According to Charlotte Allen’s brilliant piece in the Weekly Standard, Gallaudet, the nation’s most famous school for the deaf, has become a hotbed of anger and warmed over radicalism from the 1960s:
“Deaf activists have followed in the footsteps of racial activists, redefining themselves not as people with auditory handicaps but as members of a linguistic minority that had been oppressed and marginalized by the speaking majority because they used sign language to communicate instead of speech. Just as black activists a generation ago began calling themselves Black with a capital B, deaf activists began calling themselves Deaf with a capital D. The National Association of the Deaf, a leading deaf-rights advocacy group based in Washington, sternly reprimands those hapless souls who use the genteel term “hearing-impaired” to refer to the deaf:
‘Deaf and hard of hearing people believe that there is nothing wrong with them, and that their culture, language, and community are just as fulfilling as the ones experienced by the mainstream society.’
“In 1994 deaf activist M.J. Bienvenu, a onetime administrator at Gallaudet, told New York Times magazine writer Andrew Solomon that deafness was ‘no more a disability than being Japanese would be.’ Deaf activists are not unique in their efforts to redefine themselves as merely different from–and victimized by–the mainstream. Over the past few years, advocates for the autistic and even the chronically obese have argued that society ought to regard them as members of discriminated-against minority groups rather than as people with physiological problems.
“It is understandable that deaf people who are competent in every way except for their inability to hear would not care to be defined as defective and thus, as they suggest, somehow less than fully human. It is also uncontestable that deaf people have been, and continue to be, subject to overt and subtle discrimination by a misunderstanding mainstream. The fact remains, however, that the mammalian brain is structured to perceive sound via the auditory nerve, and that people who cannot hear speech–or music or the honking of horns or the chirping of birds–lack something useful that most other people possess. Furthermore, although the National Association of the Deaf strenuously argues that deafness is not a disability, the organization at the same time pushes for maximum enforcement of the Americans with Disabilities Act with respect to its members.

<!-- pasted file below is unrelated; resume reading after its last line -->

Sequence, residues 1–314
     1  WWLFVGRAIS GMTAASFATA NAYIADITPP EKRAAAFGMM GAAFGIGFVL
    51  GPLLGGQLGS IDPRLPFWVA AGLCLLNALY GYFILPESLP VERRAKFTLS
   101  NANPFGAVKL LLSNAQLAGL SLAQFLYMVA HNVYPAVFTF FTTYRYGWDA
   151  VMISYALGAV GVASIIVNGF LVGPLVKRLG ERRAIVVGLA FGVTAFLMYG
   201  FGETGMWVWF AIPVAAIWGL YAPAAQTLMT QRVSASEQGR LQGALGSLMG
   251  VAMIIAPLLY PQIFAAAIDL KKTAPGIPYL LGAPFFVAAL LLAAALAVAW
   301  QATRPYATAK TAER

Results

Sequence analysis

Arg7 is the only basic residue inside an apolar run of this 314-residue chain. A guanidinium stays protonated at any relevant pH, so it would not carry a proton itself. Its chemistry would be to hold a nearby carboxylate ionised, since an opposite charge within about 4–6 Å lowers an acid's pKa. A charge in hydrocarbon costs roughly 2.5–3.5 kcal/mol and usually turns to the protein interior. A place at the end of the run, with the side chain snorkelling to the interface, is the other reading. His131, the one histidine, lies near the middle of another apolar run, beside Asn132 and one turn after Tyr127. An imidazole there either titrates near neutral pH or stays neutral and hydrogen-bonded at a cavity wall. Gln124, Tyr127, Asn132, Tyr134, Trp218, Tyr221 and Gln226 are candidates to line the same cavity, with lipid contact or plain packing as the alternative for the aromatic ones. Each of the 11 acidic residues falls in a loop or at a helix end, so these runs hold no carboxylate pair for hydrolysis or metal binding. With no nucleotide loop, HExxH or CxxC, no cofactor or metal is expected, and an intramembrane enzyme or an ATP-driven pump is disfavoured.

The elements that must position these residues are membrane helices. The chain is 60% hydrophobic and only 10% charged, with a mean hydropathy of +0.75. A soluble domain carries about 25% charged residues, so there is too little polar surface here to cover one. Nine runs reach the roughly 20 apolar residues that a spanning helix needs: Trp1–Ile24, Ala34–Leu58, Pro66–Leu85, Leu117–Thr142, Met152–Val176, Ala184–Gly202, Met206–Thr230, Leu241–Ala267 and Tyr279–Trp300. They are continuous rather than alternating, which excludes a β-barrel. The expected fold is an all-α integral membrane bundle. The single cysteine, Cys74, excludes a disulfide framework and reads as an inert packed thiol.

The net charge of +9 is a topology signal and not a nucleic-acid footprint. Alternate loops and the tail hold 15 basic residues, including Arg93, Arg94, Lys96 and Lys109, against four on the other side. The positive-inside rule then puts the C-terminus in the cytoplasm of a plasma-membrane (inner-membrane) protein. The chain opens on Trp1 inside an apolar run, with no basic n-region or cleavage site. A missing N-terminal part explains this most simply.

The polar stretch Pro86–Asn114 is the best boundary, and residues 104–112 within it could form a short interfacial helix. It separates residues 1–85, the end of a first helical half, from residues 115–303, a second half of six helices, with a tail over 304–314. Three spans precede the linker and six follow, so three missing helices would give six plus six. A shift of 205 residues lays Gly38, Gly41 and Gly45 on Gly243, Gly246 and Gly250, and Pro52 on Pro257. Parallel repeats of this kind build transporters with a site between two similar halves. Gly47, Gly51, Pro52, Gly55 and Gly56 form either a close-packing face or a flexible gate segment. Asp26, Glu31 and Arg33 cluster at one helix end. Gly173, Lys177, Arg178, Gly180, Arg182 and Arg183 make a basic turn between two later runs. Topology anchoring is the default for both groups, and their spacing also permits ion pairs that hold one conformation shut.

“The result is a strange irony in which it is politically impermissible for deaf people to wish that they could hear. In 2002, reporter Liza Mundy wrote an article for the Washington Post magazine about two deaf lesbians, both with degrees from Gallaudet, who had sought out a congenitally deaf sperm donor for the two children they were raising. A deaf employee of the National Association of the Deaf made the mistake of telling Mundy, ‘I felt, just for a fleeting second, bad that my children were deaf.’ Although the employee, Nancy Rarus, had emphasized that she was merely expressing her own personal opinion, the organization rushed out a press release dissociating itself from any ‘misperceptions’ she might have fostered concerning deaf people’s view of themselves.”
Gallaudet derives the lion’s share of its funding from taxpayers. Maybe it’s time to be stingy. As Charlotte notes:
“‘academically talented deaf students have many other options besides Gallaudet these days; they can go to Harvard, or to a good state school, many of which offer programs geared specifically to the deaf. Advances in medical technology, chiefly cochlear implants, have enabled the brains of many deaf young people to process sounds more easily, and they thus have an easier time in mainstream education. Another part of the problem, though, is the peculiar campus culture that flourishes at Gallaudet, a culture fostered by radical students and faculty members that has bred those 1960s-style confrontations and that–as both enrollment and application numbers at Gallaudet clearly show–turns off many young people who want only to obtain good educations and prepare for careers.”